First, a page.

Earth




















Reports Peter Aldhous on New Scientist:

It’s easy not to trash the planet — if you’re dirt poor and die young. But is it possible for all of us to live long and satisfying lives without costing the Earth? That’s the question behind a measure of national well-being called the Happy Planet Index (HPI). Its latest update, released this week ahead of the Rio+20 summit on sustainable development, names Costa Rica as the world’s most “developed” nation and puts the US on the sick list.

To show how different the world looks when viewed according to the HPI, rather than conventional wealth, New Scientist applied distorting lenses. In the top map, countries are sized according to their GDP, and shaded by GDP per capita. As sub-Saharan Africa almost shrinks from view, western Europe, the US and Japan swell and flush a deep red.

But this wealth has fuelled massively unsustainable use of natural resources. Nic Marks of the New Economics Foundation in London developed HPI as an alternative measure, “to capture the tension between good lives now and good lives in the future”…



Planet Under Pressure commissioned a 3-minute animated film showing the last 250 years of our history, from the start of the Industrial Revolution to the Rio+20 Summit. The film charts the growth of humanity into a global force on an equivalent scale to major geological processes. Whether you agree with the filmmakers’ conclusions or not (comment below), I suspect you’ll admit that it’s a pretty cool piece of animation:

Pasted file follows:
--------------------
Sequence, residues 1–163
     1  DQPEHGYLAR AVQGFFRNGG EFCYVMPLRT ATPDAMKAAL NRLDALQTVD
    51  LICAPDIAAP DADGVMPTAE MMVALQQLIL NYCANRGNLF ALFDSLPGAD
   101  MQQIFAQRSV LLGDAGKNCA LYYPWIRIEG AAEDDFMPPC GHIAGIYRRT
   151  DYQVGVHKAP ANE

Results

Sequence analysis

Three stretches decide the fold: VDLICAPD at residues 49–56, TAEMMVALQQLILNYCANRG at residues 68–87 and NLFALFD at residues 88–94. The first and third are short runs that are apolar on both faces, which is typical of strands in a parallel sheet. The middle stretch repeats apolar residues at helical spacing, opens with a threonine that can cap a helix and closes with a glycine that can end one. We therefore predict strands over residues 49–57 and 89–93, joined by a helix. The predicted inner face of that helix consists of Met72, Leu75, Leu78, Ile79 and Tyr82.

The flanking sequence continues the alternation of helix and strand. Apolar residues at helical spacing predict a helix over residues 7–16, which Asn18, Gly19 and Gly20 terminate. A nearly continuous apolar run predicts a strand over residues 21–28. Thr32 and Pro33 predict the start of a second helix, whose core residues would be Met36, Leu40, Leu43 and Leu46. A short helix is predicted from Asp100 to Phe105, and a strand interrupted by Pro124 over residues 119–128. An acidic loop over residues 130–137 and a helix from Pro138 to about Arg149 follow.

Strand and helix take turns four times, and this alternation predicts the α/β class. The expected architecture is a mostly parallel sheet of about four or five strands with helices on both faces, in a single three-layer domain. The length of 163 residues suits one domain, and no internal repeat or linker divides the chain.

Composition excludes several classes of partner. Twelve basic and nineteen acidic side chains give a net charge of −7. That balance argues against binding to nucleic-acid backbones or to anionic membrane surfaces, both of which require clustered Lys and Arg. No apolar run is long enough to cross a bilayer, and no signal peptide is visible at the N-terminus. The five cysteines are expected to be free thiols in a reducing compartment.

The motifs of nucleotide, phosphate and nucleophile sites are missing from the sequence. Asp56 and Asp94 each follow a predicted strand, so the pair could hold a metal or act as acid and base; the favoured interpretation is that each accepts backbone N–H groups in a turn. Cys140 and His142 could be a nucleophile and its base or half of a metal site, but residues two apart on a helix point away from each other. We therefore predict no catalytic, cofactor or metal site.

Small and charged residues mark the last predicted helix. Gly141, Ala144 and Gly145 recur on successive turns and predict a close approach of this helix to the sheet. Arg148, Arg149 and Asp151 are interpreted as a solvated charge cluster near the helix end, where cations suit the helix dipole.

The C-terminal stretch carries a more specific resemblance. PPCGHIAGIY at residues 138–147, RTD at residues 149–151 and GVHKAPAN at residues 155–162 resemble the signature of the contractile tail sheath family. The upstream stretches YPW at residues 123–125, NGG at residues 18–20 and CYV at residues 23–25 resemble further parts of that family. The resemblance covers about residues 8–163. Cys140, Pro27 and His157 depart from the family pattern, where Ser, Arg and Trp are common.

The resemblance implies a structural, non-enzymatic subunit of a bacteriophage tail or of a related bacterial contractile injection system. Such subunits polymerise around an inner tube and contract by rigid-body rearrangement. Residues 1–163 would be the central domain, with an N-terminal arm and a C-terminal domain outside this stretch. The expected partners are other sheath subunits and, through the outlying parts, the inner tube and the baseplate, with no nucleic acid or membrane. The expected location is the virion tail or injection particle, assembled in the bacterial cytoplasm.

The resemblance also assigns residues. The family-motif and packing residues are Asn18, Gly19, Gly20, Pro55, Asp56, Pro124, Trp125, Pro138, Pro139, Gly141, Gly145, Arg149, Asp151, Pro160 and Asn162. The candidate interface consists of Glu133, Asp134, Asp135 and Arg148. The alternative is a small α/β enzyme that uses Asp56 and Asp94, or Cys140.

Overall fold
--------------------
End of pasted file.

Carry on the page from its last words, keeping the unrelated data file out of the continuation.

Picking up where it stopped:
Welcome to the Anthropocene


From AstroBiology Magazine: The Earth is alive, asserts a new scientific theory of life emerging from Case Western Reserve University School of Medicine. The trans-disciplinary theory demonstrates that purportedly inanimate, non-living objects…


Is this where humankind will be living in a couple millenia? In a solar system 600 light years away spins the newly-spotted Kebler 22-b, a rocky planet with oceans covering two-thirds of…


Space JunkVia the BBC:

Scientists in the US have warned NASA that the amount of so-called space junk orbiting Earth is at tipping point. A report by the National Research Council says the debris could cause fatal leaks in spaceships or destroy valuable satellites.

It calls for international regulations to limit the junk and more research into the possible use of launching large magnetic nets or giant umbrellas. The debris includes clouds of minuscule fragments, old boosters and satellites.

Some computer models show the amount of orbital rubbish “has reached a tipping point, with enough currently in orbit to continually collide and create even more debris, raising the risk of spacecraft failures,” the research council said in a statement on Thursday.